As Anthony Joshua awaits the announcement of his December 10 opponent, debate continues over the standard of fighter he has faced.
In 2016 – his third full year as a professional – he has dispatched average Americans Charles Martin and Dominic Breazeale and many would say domestic rival Dillian Whyte, beaten ten months ago, remains his best win.
Boxing Truth looks at who some of the greatest heavyweights in history were sharing a ring with at a similar point in their careers.
Turned pro – September 1953
Equivalent Joshua stage – 1956
Liston only had one fight – a rubber match with factory worker Marty Marshall who he was 1-1 with. He won a unanimous decision. Two months later Liston assaulted a police officer, which led to a stint in jail.
He returned to the ring in 1958 and it would be another four years before he dethroned Floyd Patterson, pictured above.
Turned pro – October 1960
Equivalent Joshua stage – 1963
Ali, then Cassius Clay, began the year by knocking out Charlie Powell. He then survived almighty scares against top contenders Doug Jones and Henry Cooper. New Yorker Jones hurt him early on but Ali prevailed.
A number of observers thought the wrong man got the decision and champion Liston said: “Clay showed me that I’ll get locked up for murder if we’re ever matched.”
Next up was Cooper in London and the most famous knockdown seen in a British ring. Eight months later, Ali shook up the world.
Turned pro – August 1965
Equivalent Joshua stage – 1968
‘Smokin’ Joe stopped unbeaten amateur rival Buster Mathis, above, for the New York State Athletic Commission’s version of the world heavyweight title.
That was followed by a knockout win over Mexican puncher Manuel Ramos and a unanimous decision victory against tough Argentine Oscar Bonavena – a rematch of their 1966 bout.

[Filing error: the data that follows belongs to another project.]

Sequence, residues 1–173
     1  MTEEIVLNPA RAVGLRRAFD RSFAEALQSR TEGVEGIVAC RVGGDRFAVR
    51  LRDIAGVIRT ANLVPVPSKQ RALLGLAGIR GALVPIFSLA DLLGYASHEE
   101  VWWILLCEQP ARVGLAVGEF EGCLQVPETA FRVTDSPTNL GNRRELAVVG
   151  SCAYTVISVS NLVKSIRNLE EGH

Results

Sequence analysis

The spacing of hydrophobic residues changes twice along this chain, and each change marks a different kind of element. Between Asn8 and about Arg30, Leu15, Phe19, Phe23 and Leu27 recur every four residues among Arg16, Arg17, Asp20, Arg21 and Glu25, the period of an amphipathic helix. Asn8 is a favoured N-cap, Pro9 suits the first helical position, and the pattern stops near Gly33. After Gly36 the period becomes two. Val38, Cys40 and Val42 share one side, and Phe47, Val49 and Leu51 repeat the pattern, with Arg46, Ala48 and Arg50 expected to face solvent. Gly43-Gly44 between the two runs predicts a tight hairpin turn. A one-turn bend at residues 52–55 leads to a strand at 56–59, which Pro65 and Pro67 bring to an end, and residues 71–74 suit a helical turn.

At the time, the boxing landscape was chaotic after Ali was stripped of his belts.
Frazier later told The Guardian: “He’d be phoning every other day to say, ‘You got my title, man! You got to let me fight you!’”
Turned pro – June 1969
Equivalent Joshua stage – 1972
Big George enjoyed five knockouts from five outings against an unheralded quintet with a combined 71-74-17 record.
On paper it didn’t look earth-shattering yet the bouts proved to be the perfect preparation for his biggest fight so far – a meeting with Frazier in January 1973.
He told the media: “Frazier ain’t no different from anybody else. I’m going to knock him stone-cold.”
Turned pro – March 1973
Equivalent Joshua stage – 1975
The Easton Assassin boasted a 19-0 record by the end of the year. But it would be over two years before he emerged as a real threat in the division. At this stage, he made a living as a sparring partner for Ali, Frazier, Earnie Shavers and Jimmy Young.
He later said: “I was Ali’s sparring partner, I was Joe Frazier’s sparring partner, I was everybody’s sparring partner. Nobody gave me nothing, nobody gave me a chance.
“But guess what? I did. I did it with dedication and hard work.”
Turned pro – March 1985
Equivalent Joshua stage – 1987
Tyson was already the youngest heavyweight champion in history; he’d destroyed Trevor Berbick in November 1986.
He added James ‘Bonecrusher’ Smith’s WBA title to his WBC strap in March before defending them against Pinklon Thomas in May and collecting Tony Tucker’s IBF belt three months later.
He ended the year with a seventh-round knockout of Tyrell Biggs, above.
Tyson said: “I was hitting him with body punches and they were hurting him. He was crying in there, making woman gestures.”
Turned pro – June 1989
Equivalent Joshua stage – 1992
After a ten-round decision over Levi Billups in Las Vegas, Lewis returned to London to defend his British, European and Commonweath titles against Derek Williams, stopping him in the third round. A four-round job on journeyman Mike Dixon followed.
However his career was transformed by his next scrap, against No1 contender Donovan ‘Razor’ Ruddock.
The Jamaican, who had lost twice to Tyson, was the betting favourite ahead of this WBC title eliminator. But in one of the most ruthless displays of his illustrious career, Lewis annihilated Ruddock in two rounds, dropping him in the first before finishing it in the second.
Within two months, the Olympic gold medallist would be crowned WBC champion after Riddick Bowe put his belt in the bin so he didn’t have to face the man who had demolished him at the 1988 Seoul Games.